That leaves the law a bit muddled as to what counts as discrimination "on the basis of" sex or gender. In 1986, for example, the Eight Circuit Court of Appeals overturned a sex discrimination jury verdict in favor of Christine Craft, a news anchor who'd been demoted to reporter after focus groups showed that audiences found her insufficiently feminine.
Consider another contentious issue: gay marriage. The most obvious way to interpret the refusal to extend marital rights to gay couples is as an instance of discrimination on the basis of sexual orientation. But it can also be parsed as sex discrimination: A man is forbidden to marry his male partner, though he'd be permitted to if he were a woman. Whether we regard that as an instance of sex discrimination will depend on whether we see marriage as intrinsically gendered—it's not sex discrimination, for instance, for a director casting a TV show to consider only female applicants for female parts—or as centrally about loving relationships, making the "one man, one woman" rule a mere vestige of the cruel historical refusal to recognize the equal validity of gay couplings.
There are multiple ways to read Schroer's case as well: In addition to the sex discrimination claim, attorney McGowan also plans to advance a somewhat more novel Due Process claim, grounded, she says, in "individuals' liberty interest in making important personal decisions, in this case a series of medical decisions, without fearing penalty by the government." The idea here is that the courts have recognized a zone of privacy around certain sorts of medical choices—most famously abortion and the refusal of treatment by terminal patients—that prevents the government not only from banning such choices, but also from placing "undue burdens" on their exercise.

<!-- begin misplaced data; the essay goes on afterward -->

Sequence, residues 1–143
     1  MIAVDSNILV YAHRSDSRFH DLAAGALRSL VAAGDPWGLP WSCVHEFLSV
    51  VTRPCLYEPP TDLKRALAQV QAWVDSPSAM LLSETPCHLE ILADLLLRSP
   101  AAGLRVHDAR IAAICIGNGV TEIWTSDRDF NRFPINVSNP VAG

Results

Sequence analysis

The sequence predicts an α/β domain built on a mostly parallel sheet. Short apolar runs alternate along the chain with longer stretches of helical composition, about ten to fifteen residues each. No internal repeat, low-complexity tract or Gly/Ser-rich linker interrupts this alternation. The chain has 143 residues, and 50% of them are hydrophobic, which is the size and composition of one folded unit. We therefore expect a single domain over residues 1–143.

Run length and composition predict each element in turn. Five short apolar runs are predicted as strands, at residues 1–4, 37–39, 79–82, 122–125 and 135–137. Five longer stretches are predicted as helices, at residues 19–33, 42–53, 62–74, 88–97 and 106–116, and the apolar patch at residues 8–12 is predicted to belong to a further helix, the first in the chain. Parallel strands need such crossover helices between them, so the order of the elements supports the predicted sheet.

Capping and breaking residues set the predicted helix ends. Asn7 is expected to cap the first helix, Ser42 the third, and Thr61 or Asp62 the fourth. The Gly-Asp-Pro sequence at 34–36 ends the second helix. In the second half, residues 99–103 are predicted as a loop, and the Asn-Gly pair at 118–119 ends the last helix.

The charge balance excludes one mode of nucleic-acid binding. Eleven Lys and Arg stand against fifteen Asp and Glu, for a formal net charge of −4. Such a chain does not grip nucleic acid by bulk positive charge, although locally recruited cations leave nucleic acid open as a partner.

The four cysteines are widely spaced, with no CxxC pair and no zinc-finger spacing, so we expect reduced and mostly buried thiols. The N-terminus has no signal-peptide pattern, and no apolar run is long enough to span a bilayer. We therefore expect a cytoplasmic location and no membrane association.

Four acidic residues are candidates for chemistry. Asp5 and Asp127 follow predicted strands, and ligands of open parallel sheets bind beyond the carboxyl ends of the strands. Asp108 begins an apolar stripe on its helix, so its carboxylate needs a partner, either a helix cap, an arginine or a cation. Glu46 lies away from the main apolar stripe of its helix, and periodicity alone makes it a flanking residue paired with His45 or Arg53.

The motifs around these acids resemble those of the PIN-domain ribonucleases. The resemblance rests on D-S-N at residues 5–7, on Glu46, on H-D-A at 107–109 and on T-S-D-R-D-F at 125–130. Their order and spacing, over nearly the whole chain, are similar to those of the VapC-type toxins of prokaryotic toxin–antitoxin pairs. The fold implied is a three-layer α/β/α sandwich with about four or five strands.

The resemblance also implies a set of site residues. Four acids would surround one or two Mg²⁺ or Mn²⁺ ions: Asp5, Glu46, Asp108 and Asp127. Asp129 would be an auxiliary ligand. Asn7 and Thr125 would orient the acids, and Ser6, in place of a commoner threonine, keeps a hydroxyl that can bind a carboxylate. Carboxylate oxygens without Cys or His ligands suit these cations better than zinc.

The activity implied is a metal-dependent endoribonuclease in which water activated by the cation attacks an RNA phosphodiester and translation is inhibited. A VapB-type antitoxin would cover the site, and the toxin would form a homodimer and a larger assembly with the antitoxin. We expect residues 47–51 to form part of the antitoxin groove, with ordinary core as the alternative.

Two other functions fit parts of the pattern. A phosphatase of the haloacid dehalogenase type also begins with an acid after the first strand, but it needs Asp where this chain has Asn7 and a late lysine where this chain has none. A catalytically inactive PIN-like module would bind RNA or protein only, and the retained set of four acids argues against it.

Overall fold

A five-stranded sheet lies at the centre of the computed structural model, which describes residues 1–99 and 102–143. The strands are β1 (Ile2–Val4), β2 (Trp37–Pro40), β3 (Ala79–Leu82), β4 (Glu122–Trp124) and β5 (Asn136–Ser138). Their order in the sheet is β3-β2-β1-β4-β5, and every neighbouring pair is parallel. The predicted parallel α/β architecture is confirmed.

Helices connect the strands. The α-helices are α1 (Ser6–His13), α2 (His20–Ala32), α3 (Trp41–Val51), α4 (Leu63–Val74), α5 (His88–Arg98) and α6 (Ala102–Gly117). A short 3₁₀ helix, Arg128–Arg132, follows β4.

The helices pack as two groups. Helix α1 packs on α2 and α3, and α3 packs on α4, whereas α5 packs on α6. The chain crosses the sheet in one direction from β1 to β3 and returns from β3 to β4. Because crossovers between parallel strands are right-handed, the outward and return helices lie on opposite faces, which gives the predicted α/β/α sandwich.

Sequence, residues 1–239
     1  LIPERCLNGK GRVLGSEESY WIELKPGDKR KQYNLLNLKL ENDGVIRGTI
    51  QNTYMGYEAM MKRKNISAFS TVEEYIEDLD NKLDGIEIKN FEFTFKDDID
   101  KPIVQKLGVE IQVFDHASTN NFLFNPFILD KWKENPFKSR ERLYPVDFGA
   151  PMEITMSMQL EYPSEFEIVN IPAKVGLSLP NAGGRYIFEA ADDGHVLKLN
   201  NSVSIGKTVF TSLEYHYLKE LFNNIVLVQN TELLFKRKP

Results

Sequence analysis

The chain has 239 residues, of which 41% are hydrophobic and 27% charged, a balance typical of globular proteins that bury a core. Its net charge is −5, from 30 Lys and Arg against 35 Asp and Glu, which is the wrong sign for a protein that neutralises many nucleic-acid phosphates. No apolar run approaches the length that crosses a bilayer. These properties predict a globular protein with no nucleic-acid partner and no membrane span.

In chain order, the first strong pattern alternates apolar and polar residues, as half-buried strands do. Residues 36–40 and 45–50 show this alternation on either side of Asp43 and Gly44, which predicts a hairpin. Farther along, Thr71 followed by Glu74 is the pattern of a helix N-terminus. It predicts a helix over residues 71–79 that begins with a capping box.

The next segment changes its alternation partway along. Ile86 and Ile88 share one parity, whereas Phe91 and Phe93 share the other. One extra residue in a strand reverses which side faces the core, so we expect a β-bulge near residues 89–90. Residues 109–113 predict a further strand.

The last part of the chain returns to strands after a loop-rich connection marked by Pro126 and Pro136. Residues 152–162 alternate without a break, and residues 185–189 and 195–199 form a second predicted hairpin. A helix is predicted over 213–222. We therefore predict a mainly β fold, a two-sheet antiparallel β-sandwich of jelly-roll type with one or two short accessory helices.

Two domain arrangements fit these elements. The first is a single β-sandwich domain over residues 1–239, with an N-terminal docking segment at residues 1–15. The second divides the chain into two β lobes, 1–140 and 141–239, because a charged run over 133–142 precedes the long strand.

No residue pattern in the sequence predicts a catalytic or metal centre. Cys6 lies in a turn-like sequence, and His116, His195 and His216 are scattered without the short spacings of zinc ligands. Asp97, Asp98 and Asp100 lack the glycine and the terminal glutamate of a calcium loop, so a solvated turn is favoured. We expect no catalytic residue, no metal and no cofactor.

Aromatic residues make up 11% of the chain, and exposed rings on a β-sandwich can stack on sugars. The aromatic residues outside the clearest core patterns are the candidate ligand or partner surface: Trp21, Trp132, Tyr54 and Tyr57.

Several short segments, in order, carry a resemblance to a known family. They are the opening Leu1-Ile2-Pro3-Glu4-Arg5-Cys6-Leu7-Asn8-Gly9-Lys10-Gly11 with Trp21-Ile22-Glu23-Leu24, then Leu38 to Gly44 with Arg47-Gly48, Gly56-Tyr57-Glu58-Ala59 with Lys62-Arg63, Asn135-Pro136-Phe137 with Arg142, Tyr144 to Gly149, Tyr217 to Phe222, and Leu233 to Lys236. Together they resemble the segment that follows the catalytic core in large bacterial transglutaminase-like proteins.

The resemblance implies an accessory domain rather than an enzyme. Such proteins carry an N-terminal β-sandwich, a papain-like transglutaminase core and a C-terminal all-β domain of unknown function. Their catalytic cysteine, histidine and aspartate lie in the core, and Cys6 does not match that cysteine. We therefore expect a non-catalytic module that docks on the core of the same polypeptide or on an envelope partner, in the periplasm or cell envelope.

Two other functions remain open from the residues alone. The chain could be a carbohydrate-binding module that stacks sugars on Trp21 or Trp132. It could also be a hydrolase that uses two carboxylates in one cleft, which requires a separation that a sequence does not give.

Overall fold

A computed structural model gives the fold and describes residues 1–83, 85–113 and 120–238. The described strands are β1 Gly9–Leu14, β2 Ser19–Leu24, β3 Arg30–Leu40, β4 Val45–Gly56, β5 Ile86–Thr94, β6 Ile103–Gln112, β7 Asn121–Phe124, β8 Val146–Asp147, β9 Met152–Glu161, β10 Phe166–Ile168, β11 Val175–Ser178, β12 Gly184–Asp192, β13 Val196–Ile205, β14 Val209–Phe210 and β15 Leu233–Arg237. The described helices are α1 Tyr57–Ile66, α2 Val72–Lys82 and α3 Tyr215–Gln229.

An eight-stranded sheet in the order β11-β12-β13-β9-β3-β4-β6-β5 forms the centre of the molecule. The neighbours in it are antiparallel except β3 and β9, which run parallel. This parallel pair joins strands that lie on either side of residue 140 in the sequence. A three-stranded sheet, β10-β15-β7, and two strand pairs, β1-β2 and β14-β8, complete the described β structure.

It's hard to regard Schroer's case as akin to that of a director refusing to cast a man in a femme fatale role. Terrorism analysis isn't obviously hindered by mascara, and Robert Dardano, a member of the federal gay employees group GLOBE at the Library, says that the Library is in general an open and diverse working environment, and that other employees were shocked and dismayed when they learned Schroer's offer had been rescinded. (Even if that weren't the case, of course, it would be strange to suggest that coworker discomfort could form a basis for discrimination: Nobody would regard it as a defense against a charge of racial discrimination to note that a large number of the other employees at some agency were racists.)
If Schroer's account of events is accurate, her case should be a slam dunk: If Dave was good enough for the government, so should Diane be. If her supervisor wouldn't have caviled at an employee born a woman presenting herself as one on the job, that ought not to change just because Diane had the misfortune to be born with the wrong set of biological equipment. But, as Post observes, courts are ingenious at finding ways to circumvent the radical implications of gender equality when it means overturning traditional notions of femininity and masculinity.
Schroer, for her part, says she'd still like the job. A wise court would give it to her. As renewed attacks raise the stakes in the war on terror, the government could badly use a few good ex-men.